The mysterious Bullwinkle Deer

January 10, 2014

The Quality Deer Management Association (QDMA) reports that they've been seeing these "bullwinkle deer" since the mid-2000s, and blame this phenomenon on a bacterial infection. Exactly what bacteria are responsible, or how the deer are contracting the infection, is still unknown. Have you ever seen anything like this?

First it was chronic wasting disease showing up in deer herds, prompting hunters to wonder if this "mad cow disease" could be stopped. Then it was EHD and blue tongue disease, viral diseases that seem to pop up in a different location every year and put a dent in a local deer population. Now, a new infection is starting to crop up all over the whitetail's range — it doesn't even have a name, but the animals infected with this bacteria are called "Bullwinkle deer," and it's not hard to see why.

The Southeastern Cooperative Wildlife Disease Study unit has been keeping tabs on this still-rare bacterial infection since the early 2000s, having received less than a dozen samples since 2005. Deer infected with this bacterial wind up with swollen muzzles due to inflammation, giving them a strange moose-like appearance.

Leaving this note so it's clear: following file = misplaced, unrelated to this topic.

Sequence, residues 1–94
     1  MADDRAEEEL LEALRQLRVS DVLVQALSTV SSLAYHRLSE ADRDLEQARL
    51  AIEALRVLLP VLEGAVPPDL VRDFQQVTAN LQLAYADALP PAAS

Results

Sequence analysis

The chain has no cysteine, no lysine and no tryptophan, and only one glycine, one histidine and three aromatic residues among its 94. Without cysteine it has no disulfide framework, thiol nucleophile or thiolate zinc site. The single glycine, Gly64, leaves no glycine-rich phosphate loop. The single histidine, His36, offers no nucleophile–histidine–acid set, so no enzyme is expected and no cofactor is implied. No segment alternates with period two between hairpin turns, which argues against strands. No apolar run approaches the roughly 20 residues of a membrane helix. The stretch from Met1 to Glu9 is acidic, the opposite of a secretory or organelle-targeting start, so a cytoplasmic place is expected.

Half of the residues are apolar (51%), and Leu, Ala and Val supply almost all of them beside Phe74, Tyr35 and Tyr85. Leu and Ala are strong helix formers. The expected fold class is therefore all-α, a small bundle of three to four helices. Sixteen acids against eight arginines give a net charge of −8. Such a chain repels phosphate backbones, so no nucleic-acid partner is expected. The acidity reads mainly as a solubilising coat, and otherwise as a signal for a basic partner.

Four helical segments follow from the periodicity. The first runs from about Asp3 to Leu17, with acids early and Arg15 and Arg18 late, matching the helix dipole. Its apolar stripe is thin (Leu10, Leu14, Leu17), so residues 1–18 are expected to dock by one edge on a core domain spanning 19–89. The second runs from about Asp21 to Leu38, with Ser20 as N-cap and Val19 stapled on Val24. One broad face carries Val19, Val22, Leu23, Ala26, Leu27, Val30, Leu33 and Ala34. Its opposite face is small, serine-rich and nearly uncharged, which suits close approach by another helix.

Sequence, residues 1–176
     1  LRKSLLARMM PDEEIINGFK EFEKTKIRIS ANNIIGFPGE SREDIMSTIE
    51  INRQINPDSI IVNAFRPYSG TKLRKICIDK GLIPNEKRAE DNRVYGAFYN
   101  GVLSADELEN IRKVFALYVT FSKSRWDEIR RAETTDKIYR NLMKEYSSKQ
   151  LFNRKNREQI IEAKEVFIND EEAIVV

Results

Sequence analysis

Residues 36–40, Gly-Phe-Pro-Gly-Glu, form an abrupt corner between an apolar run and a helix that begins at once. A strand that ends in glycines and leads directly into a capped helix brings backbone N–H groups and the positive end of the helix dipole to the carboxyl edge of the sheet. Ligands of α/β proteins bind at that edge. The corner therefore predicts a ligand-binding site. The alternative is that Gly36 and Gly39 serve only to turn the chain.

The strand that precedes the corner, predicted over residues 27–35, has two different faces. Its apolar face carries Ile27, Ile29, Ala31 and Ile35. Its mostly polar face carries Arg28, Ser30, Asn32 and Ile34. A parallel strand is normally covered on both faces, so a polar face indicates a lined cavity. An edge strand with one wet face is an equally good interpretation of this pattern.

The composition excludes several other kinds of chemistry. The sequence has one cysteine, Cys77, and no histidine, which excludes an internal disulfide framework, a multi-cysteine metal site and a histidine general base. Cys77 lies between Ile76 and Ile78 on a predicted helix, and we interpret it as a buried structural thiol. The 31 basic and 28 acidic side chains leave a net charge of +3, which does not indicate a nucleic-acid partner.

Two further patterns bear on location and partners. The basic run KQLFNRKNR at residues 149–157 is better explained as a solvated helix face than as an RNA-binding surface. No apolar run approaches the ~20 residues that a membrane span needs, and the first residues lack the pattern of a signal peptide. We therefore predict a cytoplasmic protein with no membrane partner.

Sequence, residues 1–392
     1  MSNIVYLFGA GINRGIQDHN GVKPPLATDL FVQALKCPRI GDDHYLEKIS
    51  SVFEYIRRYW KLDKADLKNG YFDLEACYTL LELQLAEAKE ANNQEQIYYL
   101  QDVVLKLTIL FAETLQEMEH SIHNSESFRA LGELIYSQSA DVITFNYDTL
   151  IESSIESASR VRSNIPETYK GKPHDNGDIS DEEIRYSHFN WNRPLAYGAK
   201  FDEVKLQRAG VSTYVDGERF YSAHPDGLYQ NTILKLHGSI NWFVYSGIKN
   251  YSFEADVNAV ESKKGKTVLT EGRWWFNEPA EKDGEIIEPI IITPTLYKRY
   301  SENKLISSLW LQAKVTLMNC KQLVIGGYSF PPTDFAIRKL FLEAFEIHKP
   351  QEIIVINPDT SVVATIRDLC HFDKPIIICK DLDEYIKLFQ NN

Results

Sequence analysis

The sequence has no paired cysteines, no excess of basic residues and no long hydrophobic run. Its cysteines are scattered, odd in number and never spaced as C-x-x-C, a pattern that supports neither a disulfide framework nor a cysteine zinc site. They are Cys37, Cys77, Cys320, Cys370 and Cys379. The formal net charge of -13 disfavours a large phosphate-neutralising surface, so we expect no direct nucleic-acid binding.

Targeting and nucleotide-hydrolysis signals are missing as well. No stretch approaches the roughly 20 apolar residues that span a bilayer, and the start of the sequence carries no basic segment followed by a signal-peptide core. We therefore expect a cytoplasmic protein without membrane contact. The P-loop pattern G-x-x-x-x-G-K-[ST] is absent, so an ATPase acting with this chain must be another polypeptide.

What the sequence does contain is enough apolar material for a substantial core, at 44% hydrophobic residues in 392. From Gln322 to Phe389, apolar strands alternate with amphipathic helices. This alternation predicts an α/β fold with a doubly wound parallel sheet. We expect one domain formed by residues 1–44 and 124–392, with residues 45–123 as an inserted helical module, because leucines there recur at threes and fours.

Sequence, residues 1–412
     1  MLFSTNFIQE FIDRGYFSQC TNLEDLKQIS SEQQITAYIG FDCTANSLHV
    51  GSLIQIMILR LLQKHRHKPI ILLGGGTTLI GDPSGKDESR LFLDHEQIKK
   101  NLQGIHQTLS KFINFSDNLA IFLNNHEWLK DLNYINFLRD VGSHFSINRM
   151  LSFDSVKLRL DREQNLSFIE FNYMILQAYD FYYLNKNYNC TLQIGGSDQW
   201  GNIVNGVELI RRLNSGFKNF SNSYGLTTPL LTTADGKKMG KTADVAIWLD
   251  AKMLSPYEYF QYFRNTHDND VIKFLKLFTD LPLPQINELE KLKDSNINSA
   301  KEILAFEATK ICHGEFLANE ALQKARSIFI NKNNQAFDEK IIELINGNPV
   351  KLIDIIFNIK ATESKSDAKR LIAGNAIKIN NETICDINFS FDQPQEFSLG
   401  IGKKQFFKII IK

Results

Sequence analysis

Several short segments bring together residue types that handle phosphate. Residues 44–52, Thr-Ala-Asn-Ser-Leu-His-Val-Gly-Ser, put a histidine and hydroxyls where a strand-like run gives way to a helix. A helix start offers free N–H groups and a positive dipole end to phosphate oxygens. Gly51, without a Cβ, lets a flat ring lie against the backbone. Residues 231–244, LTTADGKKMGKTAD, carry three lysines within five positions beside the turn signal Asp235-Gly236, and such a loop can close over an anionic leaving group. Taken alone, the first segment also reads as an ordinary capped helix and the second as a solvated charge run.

The Quality Deer Management Association references SCWDS findings on the infection:

"While the Bullwinkle infection is no doubt uncomfortable for the victim, it doesn't appear to be lethal. All of the samples have been submitted from deer killed by hunters. QDMA has also received trail-camera photos of Bullwinkle deer that appeared otherwise healthy and that were photographed on multiple occasions over time. SCWDS said one person saw the same Bullwinkle deer several times over a period of two years."

Read the full story from the QDMA.